Her second film, Das Tripas Caração (1982) – which translates into With the Heart in the Hands- is an off-beat film that examines sexual interactions as well as homophobia. It depicts a male detective’s perverse dreams that include intervention in lesbian relationships and impregnating a female teacher. As described in Women Film Directors, “Carolina’s work is, in some ways, comparable to Pedro Almodovar’s, but Carolina’s use of camp horror is that of a distinctly feminist lens.” [8]

The final film in the trilogy is titled Sonho de Valsa (1986) – which translates into Dream Waltz. The protagonist in the film is a female, named Tereza, that has chaotic dreams of a Prince Charming dressed in medieval costume. It continues on Carolina’s theme of sexual examination, and does so particularly by her interactions with the male role models in her life. [9]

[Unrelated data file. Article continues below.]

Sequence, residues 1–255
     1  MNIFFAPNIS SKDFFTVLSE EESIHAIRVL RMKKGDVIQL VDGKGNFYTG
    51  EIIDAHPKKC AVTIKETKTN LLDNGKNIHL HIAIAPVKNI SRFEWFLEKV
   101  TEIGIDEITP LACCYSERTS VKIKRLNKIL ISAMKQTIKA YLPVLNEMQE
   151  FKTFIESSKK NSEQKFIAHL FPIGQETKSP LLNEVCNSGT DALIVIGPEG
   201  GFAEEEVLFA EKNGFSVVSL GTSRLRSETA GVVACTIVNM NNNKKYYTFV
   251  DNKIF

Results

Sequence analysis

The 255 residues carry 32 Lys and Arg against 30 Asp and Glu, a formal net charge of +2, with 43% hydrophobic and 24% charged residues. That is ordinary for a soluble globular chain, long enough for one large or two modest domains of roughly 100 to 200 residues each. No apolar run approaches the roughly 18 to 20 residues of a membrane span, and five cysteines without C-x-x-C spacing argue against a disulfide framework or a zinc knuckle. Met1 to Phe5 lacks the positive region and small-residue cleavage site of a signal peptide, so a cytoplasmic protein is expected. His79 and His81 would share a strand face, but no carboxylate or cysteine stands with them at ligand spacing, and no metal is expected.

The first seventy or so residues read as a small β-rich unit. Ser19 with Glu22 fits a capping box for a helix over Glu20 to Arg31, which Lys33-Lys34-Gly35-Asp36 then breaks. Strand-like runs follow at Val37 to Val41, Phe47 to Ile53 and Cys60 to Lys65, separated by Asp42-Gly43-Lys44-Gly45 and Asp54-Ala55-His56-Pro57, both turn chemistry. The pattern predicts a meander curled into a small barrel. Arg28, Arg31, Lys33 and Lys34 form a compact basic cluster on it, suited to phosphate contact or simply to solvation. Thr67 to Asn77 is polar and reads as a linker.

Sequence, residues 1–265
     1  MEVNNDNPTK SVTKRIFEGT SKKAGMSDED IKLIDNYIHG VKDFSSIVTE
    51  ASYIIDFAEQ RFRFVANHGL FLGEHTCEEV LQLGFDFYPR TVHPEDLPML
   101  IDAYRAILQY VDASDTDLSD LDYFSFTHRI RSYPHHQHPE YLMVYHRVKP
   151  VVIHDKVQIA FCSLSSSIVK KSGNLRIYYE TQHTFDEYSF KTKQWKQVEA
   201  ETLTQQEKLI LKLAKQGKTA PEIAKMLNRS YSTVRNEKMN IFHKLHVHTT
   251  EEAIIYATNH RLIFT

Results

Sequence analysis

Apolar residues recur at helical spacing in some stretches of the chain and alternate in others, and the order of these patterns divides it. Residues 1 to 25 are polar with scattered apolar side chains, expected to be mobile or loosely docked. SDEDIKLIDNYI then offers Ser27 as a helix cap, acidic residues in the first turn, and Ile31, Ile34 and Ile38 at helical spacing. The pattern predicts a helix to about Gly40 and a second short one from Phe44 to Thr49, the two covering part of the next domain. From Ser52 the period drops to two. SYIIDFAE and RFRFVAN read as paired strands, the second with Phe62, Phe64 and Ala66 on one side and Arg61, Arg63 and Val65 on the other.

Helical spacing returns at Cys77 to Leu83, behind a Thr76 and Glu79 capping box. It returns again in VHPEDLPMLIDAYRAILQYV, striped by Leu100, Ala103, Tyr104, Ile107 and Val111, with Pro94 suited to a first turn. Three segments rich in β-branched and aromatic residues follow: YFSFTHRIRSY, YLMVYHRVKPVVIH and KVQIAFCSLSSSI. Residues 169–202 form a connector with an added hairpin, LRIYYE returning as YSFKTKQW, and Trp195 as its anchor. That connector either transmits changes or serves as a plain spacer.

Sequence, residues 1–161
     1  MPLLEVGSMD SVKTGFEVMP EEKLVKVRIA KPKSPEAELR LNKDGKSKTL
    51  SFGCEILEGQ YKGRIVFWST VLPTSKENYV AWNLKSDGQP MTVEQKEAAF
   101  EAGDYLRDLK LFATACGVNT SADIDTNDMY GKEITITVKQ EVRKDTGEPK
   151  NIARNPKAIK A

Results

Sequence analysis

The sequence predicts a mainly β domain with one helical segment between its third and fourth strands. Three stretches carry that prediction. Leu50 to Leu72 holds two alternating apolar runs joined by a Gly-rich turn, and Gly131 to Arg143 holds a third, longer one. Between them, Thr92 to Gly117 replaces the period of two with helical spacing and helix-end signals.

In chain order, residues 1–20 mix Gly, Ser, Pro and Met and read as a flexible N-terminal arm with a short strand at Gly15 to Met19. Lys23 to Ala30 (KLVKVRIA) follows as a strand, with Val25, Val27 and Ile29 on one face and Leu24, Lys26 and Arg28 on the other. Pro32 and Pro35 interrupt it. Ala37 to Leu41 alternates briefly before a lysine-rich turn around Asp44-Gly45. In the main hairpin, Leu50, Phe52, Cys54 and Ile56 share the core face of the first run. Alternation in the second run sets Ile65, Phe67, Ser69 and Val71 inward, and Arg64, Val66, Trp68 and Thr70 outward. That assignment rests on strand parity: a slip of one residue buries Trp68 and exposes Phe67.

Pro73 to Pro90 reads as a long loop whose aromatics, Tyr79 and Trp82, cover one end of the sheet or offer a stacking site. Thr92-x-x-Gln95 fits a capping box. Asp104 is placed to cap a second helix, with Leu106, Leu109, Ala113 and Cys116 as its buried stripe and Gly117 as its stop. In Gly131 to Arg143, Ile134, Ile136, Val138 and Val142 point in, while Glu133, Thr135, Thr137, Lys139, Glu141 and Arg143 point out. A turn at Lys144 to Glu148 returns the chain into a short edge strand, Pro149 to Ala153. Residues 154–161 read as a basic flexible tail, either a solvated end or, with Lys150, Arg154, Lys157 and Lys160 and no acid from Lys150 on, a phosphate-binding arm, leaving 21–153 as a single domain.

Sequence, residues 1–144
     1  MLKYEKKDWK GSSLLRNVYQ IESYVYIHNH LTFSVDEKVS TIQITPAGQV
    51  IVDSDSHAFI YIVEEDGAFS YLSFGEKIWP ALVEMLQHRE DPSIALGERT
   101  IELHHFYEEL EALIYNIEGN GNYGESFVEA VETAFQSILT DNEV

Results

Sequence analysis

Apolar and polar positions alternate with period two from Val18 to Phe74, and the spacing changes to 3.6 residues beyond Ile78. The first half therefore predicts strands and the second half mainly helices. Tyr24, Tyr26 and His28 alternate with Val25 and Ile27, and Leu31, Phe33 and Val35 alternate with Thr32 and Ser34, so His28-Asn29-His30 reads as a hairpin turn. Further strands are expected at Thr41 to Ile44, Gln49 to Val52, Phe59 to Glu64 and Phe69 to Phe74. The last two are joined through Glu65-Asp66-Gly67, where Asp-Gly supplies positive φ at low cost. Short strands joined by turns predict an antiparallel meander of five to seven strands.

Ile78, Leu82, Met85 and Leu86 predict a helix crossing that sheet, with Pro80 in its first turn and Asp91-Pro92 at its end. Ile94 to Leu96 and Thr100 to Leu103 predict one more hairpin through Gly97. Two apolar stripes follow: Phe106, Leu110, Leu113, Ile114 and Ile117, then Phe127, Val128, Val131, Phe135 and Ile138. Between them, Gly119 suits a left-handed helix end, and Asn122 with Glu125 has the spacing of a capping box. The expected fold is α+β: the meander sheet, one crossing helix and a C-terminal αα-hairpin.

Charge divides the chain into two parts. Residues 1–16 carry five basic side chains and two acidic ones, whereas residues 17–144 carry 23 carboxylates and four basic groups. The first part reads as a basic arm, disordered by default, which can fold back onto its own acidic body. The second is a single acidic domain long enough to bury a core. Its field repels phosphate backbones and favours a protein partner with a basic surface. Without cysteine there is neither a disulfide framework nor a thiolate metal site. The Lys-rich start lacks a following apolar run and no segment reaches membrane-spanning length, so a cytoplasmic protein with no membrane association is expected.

Carolina's take on her work

In an interview based on audacity in cinema, Carolina had much to say in regards to the censorship she faced in her time making films in Brazil. She uses words such as hysterical and neurotic to describe the impact it had on her production of films. She claims that the limitations placed on her work actually caused her to be more rebellious and this influenced her work to be even more provocative. She goes on to admit that her work in Mar de Rosas is meant to be interpreted as an allusion to the outside world. [10]